The late, great black Labrador/basset hound Zippy the Dog lived to be about 14. The American Veterinary Medical Association gives this guideline for calculating a dog’s age: 15 human years equals the first year of a medium-sized dog’s life. Year two for a dog equals about nine years for a human. After that, each human year would be approximately five years for a dog. So, I figured Zippy the Dog lived to age 84. Her muzzle was gray, and she had difficulty walking, with which her owner can identify.
But if you want to know about a really old dog, meet Bobi. Bobi is a purebred Rafeiro do Alentejo, a breed often used to guard property and livestock. It is named for its area of origin, the Alentejo region of southern Portugal. These dogs normally live about 12 to 14 years, but Bobi has survived for twice as long—and then some.
A story about Bobi reads, “At 30 years and 266 days old, a Portuguese dog named Bobi was crowned the world’s oldest dog ever on February 1, breaking an almost century-old record, per Guinness World Records. The previous titleholder, an Australian cattle dog named Bluey, was born in 1910 and lived for 29 years and 5 months.” (My mother was born in 1910, and life expectancy for humans was 49.)
“Bobi has lived in Conqueiros, a small Portuguese village, for more than three decades. But he almost didn’t survive past infancy, Leonel Costa, his owner, tells the Guinness Book of World Records.
“Costa was just eight years old when Bobi’s litter was born in the family’s woodshed in 1992. Costa’s father, a hunter, decided the family had too many animals already, so they couldn’t keep the puppies.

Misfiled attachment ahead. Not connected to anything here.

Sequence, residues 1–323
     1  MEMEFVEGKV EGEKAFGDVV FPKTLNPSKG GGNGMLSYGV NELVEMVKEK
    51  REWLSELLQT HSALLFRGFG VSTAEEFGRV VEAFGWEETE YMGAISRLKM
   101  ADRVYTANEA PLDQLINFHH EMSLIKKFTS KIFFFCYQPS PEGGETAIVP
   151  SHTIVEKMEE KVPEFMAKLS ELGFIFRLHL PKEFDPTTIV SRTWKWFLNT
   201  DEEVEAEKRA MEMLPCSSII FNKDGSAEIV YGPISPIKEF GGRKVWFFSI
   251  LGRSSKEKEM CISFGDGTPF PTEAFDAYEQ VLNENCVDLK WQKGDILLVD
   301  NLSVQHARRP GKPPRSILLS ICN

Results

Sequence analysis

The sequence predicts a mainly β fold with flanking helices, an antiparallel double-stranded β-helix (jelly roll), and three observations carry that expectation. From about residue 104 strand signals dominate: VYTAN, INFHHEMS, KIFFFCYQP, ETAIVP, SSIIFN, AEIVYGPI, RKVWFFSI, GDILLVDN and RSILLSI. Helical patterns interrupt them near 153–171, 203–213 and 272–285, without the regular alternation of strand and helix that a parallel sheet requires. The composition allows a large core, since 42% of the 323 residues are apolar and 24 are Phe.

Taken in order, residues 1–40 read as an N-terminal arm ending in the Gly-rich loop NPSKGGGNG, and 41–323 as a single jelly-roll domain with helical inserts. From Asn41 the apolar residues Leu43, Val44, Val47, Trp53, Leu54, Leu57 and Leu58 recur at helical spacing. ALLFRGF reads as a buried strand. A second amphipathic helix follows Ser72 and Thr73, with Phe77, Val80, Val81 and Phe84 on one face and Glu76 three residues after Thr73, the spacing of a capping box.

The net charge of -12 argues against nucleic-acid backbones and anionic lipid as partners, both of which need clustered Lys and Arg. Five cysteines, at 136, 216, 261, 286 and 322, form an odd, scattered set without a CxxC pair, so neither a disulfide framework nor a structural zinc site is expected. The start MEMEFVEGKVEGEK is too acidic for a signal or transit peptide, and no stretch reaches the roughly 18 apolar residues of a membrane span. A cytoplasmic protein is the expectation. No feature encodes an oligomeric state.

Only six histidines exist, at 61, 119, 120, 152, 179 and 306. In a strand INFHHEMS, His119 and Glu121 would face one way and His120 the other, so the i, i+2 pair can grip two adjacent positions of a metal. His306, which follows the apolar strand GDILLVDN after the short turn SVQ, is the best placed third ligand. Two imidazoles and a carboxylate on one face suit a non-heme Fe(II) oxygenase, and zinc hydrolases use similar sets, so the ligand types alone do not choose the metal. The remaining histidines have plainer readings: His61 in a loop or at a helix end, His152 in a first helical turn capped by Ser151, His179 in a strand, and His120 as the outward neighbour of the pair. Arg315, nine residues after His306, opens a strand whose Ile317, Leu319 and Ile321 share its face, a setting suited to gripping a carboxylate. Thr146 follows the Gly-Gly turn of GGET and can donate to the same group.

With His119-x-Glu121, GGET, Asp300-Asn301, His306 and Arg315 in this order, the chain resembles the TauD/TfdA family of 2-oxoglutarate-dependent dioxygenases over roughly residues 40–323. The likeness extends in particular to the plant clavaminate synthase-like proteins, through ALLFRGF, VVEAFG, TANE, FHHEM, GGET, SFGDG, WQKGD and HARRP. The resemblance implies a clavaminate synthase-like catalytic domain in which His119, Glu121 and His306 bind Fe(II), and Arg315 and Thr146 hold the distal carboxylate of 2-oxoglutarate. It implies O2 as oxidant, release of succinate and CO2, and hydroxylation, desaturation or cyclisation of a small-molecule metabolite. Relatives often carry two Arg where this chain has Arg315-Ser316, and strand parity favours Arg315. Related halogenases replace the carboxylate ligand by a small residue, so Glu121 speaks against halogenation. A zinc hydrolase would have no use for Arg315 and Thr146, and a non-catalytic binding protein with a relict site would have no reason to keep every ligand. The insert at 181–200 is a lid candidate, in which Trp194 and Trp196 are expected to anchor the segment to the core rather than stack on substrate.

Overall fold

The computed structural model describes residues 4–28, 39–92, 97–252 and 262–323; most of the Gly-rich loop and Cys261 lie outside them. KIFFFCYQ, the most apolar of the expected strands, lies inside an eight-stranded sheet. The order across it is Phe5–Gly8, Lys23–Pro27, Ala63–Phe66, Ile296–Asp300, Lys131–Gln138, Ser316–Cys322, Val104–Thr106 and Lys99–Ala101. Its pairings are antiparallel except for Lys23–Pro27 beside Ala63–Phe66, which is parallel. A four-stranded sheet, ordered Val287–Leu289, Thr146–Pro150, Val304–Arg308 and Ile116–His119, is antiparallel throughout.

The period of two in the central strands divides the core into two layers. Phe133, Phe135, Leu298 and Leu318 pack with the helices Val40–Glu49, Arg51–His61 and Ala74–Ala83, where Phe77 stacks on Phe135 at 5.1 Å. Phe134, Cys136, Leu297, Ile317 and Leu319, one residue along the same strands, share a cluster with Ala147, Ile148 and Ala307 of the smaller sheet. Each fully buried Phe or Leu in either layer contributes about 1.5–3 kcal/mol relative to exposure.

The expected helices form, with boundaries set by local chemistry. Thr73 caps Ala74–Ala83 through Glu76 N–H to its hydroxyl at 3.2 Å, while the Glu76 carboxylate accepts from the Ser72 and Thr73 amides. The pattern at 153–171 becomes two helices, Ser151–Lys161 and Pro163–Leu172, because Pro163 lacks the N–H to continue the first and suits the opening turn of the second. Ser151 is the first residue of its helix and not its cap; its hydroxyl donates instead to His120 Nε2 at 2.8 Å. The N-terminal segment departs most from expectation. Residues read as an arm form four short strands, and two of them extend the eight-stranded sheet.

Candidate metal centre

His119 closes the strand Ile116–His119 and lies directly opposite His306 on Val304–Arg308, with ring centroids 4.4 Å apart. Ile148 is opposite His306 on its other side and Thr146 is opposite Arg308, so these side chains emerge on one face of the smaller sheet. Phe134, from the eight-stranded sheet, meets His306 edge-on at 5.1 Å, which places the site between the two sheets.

“Unfortunately, at that time it was considered normal by older people who could not have more animals at home … to bury the animals in a hole so that they would not survive,” Costa said.
“The day after they were born, Costa’s father quickly entered the woodshed and stole the puppies while the mother dog, Gira, was out. For the next few days, Costa and his brothers were devastated. But then they noticed Gira continued to visit the shed, despite her puppies supposedly no longer being there. Curious, the brothers followed her and discovered a single tiny puppy safely hidden in a pile of logs. They kept the puppy, Bobi, a secret from their parents until his eyes were open.
“We knew that when the dog opened its eyes, my parents would no longer bury it,’’ Costa said.
“Costa attributes Bobi’s long life to his diet of unseasoned human food, his freedom to roam unleashed through the forests and farmland close to home and the calm countryside in which he grew up.
“Of course, our love and affection throughout his life has also helped,” Costa said in the article. “Apart from one health scare in 2018, Bobi has lived a relatively healthy life.’’
Here’s to Bobi’s 31st birthday! He’ll be 169 in people years.
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